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Technical Paper

Comparison of Numerical Results and Experimental Data on Emission Production Processes in a Diesel Engine

Simulations of DI Diesel engine combustion have been performed using a modified KIVA-II package with a recently developed phenomenological soot model. The phenomenological soot model includes generic description of fuel pyrolysis, soot particle inception, coagulation, and surface growth and oxidation. The computational results are compared with experimental data from a Cummins N14 single cylinder test engine. Results of the simulations show acceptable agreement with experimental data in terms of cylinder pressure, rate of heat release, and engine-out NOx and soot emissions for a range of fuel injection timings considered. The numerical results are also post-processed to obtain time-resolved soot radiation intensity and compared with the experimental data analyzed using two-color optical pyrometry. The temperature magnitude and KL trends show favorable agreement.
Technical Paper

Combustion Improvement and Exhaust Emissions_Characteristics in a Direct Injection Natural Gas Engine by Throttling and Exhaust Gas Recirculation

A natural gas direct injection test engine equipped with a newly developed natural gas injector was built. High total hydrocarbon (THC) emission at part-load and high NOx emission at high-load remain as problems for direct injection natural gas engines. THC reduction and combustion improvement by throttling and NOx reduction by EGR were investigated. The following results were obtained: (1) the combustion at light and medium load conditions is improved by throttling. It is possible to improve the thermal efficiency at light-load in spite of the pumping loss by throttling. THC emissions are greatly decreased in this condition; (2) a large NOx reduction can be obtained without combustion deterioration by appropriate EGR at high-load conditions; and (3) it is possible to decrease both THC and NOx emissions by both throttling and EGR at part-load conditions.
Technical Paper

Numerical Simulation of Multicomponent Fuel Spray

Fuel design for internal combustion engines has been proposed in our study. In this concept, the multicomponent fuel with high and low volatility fuels are used in order to control the spray and combustion processes in internal combustion engine. Therefore, it is necessary to understand the spray and combustion characteristics of the multicomponent fuels in detail. In the present study, the modeling of multicomponent spray vaporization was conducted using KIVA3V code. The physical fuel properties of multicomponent fuel were estimated using the source code of NIST Mixture Property Database. Peng-Robinson equation of state and fugacity calculation were applied to the estimation of liquid-vapor equilibrium in order to take account for non-ideal vaporization process. Two-zone model in which fuel droplet was divided into droplet surface and inner core was introduced in order to simply consider the temperature distribution in fuel droplet.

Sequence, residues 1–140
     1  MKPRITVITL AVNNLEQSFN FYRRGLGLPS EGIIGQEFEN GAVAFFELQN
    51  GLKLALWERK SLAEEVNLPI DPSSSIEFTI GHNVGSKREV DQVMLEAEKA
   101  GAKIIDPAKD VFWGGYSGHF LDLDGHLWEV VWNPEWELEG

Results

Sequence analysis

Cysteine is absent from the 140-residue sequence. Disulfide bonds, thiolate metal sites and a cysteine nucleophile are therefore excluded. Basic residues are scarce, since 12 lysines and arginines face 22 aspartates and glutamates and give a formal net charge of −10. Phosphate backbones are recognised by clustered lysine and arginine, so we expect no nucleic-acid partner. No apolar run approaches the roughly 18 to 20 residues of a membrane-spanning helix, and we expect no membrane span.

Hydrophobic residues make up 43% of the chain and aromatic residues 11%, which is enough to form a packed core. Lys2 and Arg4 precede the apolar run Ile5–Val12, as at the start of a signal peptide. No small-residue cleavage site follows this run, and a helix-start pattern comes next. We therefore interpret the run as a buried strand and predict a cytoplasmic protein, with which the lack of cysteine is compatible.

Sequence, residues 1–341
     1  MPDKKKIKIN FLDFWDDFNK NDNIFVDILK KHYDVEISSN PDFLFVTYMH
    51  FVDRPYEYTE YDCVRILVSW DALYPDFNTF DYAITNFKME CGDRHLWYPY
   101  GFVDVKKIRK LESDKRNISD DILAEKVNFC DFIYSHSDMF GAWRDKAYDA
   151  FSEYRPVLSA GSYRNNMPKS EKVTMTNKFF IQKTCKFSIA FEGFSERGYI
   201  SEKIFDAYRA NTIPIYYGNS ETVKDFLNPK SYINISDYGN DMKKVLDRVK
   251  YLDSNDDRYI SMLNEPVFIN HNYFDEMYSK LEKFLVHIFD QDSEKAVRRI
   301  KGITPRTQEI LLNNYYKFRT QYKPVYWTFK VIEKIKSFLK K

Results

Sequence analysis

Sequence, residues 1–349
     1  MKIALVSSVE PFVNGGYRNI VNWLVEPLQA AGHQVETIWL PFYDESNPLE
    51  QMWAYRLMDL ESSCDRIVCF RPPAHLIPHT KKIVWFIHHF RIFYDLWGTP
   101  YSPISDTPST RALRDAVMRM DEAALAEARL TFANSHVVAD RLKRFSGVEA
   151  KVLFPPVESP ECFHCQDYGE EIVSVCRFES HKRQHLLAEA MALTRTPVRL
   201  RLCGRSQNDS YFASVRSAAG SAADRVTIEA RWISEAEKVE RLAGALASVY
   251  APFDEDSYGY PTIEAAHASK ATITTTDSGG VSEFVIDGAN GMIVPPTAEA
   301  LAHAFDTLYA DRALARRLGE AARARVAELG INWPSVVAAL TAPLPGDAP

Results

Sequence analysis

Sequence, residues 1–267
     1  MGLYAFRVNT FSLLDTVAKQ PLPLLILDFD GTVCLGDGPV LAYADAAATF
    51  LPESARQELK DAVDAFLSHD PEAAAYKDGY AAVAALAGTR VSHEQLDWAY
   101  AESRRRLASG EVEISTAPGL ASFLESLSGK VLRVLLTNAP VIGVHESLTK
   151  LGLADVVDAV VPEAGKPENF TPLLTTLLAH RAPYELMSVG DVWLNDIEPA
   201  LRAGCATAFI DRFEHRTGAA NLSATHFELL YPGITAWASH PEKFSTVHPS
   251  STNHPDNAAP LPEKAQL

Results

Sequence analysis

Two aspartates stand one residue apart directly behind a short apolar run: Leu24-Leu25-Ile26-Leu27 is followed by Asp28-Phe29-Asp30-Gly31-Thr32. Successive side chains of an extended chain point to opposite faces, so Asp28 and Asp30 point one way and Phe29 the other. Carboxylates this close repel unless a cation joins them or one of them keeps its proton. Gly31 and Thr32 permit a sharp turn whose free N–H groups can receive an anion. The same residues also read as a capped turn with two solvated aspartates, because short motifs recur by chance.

Technical Paper

Effective Usage of LNT in High Boosted and High EGR Rate of Heavy Duty Diesel Engine

Lean NOx trap (LNT) and Urea-SCR system are effective aftertreatment systems as NOx reduction device in diesel engines. On the other hand, DPF has already been developed as PM reduction device and it has been used in various vehicles. LNT can absorb and reduce NOx emission in wide range exhaust temperatures, from 150°C to 400°C, and the size of LNT component can be compact in comparison with Urea-SCR system because LNT uses the diesel fuel as a reducing agent and it is needless to install the reducing agent tank in the vehicle. In this study, authors have shown that the NOx conversion rate of LNT is high in the case of extremely low NOx concentration from the engine. Also, the effects of LNT and DPF were examined using the Super Clean Diesel (SCD) Engine, which has low NOx level before aftertreatment and has been finished as Japanese national project.
Technical Paper

Reduction of NOx and PM for a Heavy Duty Diesel Using 50% EGR Rate in Single Cylinder Engine

For reducing NOx emissions, EGR is effective, but an excessive EGR rate causes the deterioration of smoke emission. Here, we have defined the EGR rate before the smoke emission deterioration while the EGR rate is increasing as the limiting EGR rate. In this study, the high rate of EGR is demonstrated to reduce BSNOx. The adapted methods are a high fuel injection pressure such as 200 MPa, a high boost pressure as 451.3 kPa at 2 MPa BMEP, and the air intake port that maintains a high air flow rate so as to achieve low exhaust emissions. Furthermore, for withstanding 2 MPa BMEP of engine load and high boosting, a ductile cast iron (FCD) piston was used. As the final effect, the installations of the new air intake port increased the limiting EGR rate by 5%, and fuel injection pressure of 200 MPa raised the limiting EGR rate by an additional 5%. By the demonstration of increasing boost pressure to 450 kPa from 400 kPa, the limiting EGR rate was achieved to 50%.